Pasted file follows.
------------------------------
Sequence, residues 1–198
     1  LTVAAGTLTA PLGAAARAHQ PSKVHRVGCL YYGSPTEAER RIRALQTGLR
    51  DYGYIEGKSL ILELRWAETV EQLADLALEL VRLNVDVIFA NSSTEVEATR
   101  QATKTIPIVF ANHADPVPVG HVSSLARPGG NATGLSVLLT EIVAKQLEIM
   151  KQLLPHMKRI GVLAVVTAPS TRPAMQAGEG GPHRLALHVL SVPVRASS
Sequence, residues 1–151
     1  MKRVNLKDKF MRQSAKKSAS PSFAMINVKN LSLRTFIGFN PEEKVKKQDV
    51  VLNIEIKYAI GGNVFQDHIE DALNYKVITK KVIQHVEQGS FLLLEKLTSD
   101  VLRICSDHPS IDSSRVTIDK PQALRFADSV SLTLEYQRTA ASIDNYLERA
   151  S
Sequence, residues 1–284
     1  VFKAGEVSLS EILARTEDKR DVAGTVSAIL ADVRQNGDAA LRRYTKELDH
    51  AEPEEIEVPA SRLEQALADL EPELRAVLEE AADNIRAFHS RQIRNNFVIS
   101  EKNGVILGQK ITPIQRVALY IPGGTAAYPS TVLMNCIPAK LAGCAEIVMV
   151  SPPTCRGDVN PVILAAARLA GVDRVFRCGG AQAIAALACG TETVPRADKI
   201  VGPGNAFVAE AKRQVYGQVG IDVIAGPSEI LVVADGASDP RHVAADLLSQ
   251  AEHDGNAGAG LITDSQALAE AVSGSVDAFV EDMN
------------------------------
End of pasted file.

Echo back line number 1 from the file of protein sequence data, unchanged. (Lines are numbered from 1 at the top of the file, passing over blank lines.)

Sequence, residues 1–198